number = "39",

}

RIS

TY - JOUR

T1 - Stealth Effect of Biomolecular Corona on Nanoparticle Uptake by Immune Cells

AU - Caracciolo, Giulio

AU - Palchetti, Sara

AU - Colapicchioni, Valentina

AU - Digiacomo, Luca

AU - Pozzi, Daniela

AU - Capriotti, Anna Laura

AU - La Barbera, Giorgia

AU - Laganà, Aldo

PY - 2015/9/17

Y1 - 2015/9/17

N2 - When injected in a biological milieu, a nanomaterial rapidly adsorbs biomolecules forming a biomolecular corona. The biomolecular corona changes the interfacial composition of a nanomaterial giving it a biological identity that determines the physiological response. Characterization of the biomolecular structure and composition has received increasing attention mostly due to its detrimental impact on the nanomaterial's metabolism in vivo. It is generally accepted that an opsonin-enriched biomolecular corona promotes immune system recognition and rapid clearance from circulation. Here we applied dynamic light scattering and nanoliquid chromatography tandem mass spectrometry to thoroughly characterize the biomolecular corona formed around lipid and silica nanoparticles (NPs). Incubation with human plasma resulted in the formation of NP-biomolecular coronas enriched with immunoglobulins, complement factors, and coagulation proteins that bind to surface receptors on immune cells and elicit phagocytosis. Conversely, we found that protein-coated NPs were protected from uptake by macrophage RAW 264.7 cells. This implies that the biomolecular corona formation provides a stealth effect on macrophage recognition. Our results suggest that correct prediction of the NP's fate in vivo will require more than just the knowledge of the biomolecular corona composition. Validation of efficient methods for mapping protein binding sites on the biomolecular corona of NPs is an urgent task for future research.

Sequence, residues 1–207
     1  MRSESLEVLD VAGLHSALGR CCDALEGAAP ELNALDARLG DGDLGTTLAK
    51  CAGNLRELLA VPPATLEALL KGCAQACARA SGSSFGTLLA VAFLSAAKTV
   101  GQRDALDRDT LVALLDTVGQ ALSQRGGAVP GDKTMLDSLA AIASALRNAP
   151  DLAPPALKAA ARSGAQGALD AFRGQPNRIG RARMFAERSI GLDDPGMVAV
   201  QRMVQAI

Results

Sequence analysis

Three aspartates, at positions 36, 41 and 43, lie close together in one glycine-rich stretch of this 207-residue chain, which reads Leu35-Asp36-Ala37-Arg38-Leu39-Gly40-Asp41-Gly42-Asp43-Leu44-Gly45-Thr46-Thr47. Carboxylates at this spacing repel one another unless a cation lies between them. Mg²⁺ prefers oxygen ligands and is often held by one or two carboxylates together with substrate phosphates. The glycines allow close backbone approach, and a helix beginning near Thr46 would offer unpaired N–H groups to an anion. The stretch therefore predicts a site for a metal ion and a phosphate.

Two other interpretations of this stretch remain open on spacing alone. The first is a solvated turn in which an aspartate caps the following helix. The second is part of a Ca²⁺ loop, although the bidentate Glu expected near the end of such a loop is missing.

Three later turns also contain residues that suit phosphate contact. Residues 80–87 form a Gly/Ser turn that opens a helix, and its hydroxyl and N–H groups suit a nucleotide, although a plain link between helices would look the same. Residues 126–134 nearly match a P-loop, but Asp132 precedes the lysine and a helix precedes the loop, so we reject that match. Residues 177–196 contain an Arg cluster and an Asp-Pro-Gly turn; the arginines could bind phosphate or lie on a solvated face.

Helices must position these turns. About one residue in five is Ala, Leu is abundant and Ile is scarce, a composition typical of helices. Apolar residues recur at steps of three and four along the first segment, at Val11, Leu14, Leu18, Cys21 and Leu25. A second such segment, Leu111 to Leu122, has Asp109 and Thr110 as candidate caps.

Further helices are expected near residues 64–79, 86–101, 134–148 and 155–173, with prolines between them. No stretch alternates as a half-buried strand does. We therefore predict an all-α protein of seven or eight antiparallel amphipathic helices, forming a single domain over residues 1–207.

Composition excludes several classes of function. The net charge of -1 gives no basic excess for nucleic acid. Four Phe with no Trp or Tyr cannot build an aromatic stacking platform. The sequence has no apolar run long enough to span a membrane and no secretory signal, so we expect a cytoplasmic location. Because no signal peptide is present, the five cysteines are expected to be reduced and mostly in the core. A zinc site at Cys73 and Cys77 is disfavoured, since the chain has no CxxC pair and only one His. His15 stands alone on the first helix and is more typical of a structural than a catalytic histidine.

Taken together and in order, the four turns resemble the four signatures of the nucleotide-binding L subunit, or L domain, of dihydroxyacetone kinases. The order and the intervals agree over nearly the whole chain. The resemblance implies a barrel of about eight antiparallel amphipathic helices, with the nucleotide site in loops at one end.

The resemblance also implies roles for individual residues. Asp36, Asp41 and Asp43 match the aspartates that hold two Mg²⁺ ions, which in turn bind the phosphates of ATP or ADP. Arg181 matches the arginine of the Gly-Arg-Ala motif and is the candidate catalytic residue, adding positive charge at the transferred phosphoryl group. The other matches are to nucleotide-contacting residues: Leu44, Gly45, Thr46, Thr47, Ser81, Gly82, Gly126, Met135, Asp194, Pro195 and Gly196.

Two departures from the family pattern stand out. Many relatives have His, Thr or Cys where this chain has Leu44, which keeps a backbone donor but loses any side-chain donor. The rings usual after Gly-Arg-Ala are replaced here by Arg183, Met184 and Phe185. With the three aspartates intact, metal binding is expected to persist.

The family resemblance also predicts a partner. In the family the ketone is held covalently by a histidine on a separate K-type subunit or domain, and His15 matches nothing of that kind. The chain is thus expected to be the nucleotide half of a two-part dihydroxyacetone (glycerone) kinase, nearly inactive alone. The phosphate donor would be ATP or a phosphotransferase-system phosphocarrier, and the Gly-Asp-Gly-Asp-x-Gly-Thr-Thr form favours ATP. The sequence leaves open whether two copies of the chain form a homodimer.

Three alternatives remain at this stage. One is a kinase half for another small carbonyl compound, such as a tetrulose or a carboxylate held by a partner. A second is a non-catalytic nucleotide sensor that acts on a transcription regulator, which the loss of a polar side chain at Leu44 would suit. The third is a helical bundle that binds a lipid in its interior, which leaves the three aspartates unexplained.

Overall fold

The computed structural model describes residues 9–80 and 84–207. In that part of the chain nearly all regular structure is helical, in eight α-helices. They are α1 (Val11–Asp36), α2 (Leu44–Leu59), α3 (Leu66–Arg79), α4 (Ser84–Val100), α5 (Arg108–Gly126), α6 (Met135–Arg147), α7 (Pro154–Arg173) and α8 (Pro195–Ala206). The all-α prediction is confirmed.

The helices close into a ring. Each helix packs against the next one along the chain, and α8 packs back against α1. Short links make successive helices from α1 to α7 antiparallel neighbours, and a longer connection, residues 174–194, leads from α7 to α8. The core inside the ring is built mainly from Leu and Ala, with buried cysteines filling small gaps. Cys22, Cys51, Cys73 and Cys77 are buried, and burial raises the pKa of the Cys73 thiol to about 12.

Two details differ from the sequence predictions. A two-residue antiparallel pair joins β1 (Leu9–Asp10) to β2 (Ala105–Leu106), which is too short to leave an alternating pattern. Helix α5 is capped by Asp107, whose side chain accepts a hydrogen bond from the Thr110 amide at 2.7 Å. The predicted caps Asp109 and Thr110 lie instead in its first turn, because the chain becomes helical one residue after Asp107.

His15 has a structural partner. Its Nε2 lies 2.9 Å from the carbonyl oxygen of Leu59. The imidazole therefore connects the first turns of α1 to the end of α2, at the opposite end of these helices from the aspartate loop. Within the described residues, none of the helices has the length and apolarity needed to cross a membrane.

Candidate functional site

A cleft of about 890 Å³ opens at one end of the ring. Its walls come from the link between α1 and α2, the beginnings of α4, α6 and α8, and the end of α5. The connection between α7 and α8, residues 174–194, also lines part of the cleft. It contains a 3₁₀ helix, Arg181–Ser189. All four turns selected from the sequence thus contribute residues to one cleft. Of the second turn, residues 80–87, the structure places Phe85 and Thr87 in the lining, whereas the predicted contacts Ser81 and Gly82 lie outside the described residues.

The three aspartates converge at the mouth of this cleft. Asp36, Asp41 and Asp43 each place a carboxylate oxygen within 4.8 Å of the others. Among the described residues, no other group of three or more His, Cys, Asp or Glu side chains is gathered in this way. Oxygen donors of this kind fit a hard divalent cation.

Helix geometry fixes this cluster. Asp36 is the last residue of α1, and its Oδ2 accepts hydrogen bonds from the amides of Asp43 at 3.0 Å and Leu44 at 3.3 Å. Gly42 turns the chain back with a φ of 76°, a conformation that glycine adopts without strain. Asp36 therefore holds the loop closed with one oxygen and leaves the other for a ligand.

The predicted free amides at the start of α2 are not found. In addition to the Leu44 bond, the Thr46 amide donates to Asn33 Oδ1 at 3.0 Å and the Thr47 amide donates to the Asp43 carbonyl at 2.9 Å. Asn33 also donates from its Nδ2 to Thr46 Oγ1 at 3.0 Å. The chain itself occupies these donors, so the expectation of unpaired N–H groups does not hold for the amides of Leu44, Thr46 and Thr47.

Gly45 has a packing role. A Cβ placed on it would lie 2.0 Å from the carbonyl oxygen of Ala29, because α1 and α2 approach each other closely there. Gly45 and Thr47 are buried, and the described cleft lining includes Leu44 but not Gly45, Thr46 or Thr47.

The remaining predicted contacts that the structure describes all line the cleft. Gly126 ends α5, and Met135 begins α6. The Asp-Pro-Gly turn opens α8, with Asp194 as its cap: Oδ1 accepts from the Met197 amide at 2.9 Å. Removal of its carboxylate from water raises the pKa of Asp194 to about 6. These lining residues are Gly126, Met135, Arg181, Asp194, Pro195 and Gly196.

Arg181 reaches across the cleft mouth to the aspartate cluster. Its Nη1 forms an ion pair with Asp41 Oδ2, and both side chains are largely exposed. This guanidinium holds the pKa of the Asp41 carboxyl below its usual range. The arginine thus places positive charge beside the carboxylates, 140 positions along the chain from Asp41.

AB - When injected in a biological milieu, a nanomaterial rapidly adsorbs biomolecules forming a biomolecular corona. The biomolecular corona changes the interfacial composition of a nanomaterial giving it a biological identity that determines the physiological response. Characterization of the biomolecular structure and composition has received increasing attention mostly due to its detrimental impact on the nanomaterial's metabolism in vivo. It is generally accepted that an opsonin-enriched biomolecular corona promotes immune system recognition and rapid clearance from circulation. Here we applied dynamic light scattering and nanoliquid chromatography tandem mass spectrometry to thoroughly characterize the biomolecular corona formed around lipid and silica nanoparticles (NPs). Incubation with human plasma resulted in the formation of NP-biomolecular coronas enriched with immunoglobulins, complement factors, and coagulation proteins that bind to surface receptors on immune cells and elicit phagocytosis. Conversely, we found that protein-coated NPs were protected from uptake by macrophage RAW 264.7 cells. This implies that the biomolecular corona formation provides a stealth effect on macrophage recognition. Our results suggest that correct prediction of the NP's fate in vivo will require more than just the knowledge of the biomolecular corona composition. Validation of efficient methods for mapping protein binding sites on the biomolecular corona of NPs is an urgent task for future research.

UR - http://www.scopus.com/inward/record.url?scp=84942917287&partnerID=8YFLogxK

U2 - 10.1021/acs.langmuir.5b02158

DO - 10.1021/acs.langmuir.5b02158

M3 - Journal article

C2 - 26378619

AN - SCOPUS:84942917287

VL - 31

SP - 10764

EP - 10773

JO - Langmuir

JF - Langmuir

SN - 0743-7463

IS - 39

ER -

ID: 231312760